NEWS | August 27, 2019

Annual back-to-school picnic and talent showcase draws nearly 200

Family Time at the MIND Institute offers place for kids and parents to be themselves, bond


Nearly 200 people attended the UC Davis MIND Institute’s second annual back-to-school picnic and talent showcase Saturday, Aug. 24. The event is part of a series called Family Time at the MIND meant to provide a comfortable, sensory-friendly space for children with neurodevelopmental disabilities and their families.

Gabe Kerschner of Conservation Ambassadors with a kookaburra Gabe Kerschner of Conservation Ambassadors with a kookaburra

“We started Family Time at the MIND so families in our community could come together,” said Erin Roseborough, MIND Institute child life specialist and volunteer coordinator. “They don’t have to be a patient or a program participant – we welcome everyone.”

During the lunchtime event, families enjoyed picnic-style foods like sandwiches and watermelon, played games and did crafts. After their meal, attendees were awed by Conservation Ambassadors’ wildlife show that included a lemur, a skunk, and several birds. The talent showcase featured about 10 kids and young adults who sang, danced, played piano, and showed off other skills like drawing and video gaming.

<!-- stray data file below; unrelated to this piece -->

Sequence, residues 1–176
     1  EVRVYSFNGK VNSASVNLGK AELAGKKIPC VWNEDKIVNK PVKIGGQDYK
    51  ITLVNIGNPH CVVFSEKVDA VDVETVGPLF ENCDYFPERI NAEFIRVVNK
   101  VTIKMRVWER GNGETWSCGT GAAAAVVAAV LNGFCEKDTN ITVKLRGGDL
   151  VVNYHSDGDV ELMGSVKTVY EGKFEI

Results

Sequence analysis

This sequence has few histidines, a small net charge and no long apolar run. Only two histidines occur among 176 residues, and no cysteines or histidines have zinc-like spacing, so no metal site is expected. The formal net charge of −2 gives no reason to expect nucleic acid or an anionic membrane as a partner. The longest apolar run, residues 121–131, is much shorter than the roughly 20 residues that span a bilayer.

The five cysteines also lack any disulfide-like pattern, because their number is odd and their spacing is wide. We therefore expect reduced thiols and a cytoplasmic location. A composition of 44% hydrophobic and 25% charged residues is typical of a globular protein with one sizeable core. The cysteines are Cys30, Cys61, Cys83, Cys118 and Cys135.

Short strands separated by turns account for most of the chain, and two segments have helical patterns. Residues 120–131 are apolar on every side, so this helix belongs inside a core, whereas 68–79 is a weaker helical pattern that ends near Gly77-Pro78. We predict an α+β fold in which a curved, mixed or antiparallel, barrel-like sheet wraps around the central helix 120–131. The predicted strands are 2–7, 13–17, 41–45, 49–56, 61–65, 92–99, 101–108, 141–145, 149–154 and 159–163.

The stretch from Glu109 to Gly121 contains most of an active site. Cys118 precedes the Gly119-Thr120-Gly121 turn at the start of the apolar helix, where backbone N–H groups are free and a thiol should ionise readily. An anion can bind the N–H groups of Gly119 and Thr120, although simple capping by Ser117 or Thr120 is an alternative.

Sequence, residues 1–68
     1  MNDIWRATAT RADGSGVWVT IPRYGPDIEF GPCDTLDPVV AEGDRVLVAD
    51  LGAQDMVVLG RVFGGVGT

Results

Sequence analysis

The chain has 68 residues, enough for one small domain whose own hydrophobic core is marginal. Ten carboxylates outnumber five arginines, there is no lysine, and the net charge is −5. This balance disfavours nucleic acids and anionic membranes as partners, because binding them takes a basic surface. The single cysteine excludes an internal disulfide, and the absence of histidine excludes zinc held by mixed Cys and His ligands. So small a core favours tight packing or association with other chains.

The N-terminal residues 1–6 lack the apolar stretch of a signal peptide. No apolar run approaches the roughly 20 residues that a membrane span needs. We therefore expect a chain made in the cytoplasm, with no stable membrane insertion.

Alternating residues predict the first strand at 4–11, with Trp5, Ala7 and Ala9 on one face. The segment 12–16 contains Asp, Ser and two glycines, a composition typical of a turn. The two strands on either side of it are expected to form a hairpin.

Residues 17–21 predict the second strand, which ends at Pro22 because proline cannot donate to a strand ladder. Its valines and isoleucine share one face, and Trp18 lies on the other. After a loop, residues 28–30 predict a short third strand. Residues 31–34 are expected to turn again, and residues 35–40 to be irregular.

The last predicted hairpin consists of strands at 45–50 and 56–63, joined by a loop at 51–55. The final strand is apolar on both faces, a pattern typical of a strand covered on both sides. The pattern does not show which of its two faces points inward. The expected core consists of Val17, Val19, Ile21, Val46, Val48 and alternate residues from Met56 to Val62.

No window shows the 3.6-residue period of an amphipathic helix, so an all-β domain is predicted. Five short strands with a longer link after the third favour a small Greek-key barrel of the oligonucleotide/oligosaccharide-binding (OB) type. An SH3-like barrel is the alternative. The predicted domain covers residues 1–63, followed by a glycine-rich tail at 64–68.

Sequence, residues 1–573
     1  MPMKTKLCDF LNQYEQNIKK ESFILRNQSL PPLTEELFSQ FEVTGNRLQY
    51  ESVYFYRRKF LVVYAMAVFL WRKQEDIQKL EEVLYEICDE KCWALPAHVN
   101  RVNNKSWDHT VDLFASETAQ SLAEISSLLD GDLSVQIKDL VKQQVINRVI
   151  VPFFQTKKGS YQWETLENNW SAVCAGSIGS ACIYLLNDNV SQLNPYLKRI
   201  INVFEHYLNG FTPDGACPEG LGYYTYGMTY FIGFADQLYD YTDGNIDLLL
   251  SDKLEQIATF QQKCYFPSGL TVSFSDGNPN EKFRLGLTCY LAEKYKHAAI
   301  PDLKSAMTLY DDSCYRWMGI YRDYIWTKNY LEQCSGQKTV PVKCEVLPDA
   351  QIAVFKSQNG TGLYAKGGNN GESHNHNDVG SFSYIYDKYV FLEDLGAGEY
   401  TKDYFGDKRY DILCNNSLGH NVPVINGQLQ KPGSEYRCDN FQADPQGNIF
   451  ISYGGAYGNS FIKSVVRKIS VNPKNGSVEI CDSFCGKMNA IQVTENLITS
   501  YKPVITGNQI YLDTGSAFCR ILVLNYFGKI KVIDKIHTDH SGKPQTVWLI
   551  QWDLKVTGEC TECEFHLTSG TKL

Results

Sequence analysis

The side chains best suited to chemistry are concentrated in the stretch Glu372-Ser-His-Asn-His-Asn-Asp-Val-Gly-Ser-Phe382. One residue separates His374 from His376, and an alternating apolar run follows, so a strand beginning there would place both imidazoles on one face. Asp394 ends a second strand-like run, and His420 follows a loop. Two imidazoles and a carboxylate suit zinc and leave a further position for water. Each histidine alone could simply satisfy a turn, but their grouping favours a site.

“It’s important to connect families who are going down a similar road,” said Roseborough. “These events give families opportunities to spend quality time together and make new friends.”

Upon coming and going from the event, participants could view shiny, spotless cars that lined the MIND Institute’s parking lot. For the second year, local car club NorCal Challengers, brought their beautiful vehicles out and made a generous donation, which funds four Family Time events each year: Fall Festival, Movie Night, Game Night, and the Back-to-School Picnic.

For parents of kids with autism and other neurodevelopmental disabilities, having a safe space to be themselves is important.

"Family Time at the MIND provides an environment where there’s no need for parents to say, ‘I’m sorry’,” said Roseborough. “We all understand each other – there’s no need to apologize for a child’s behavior.”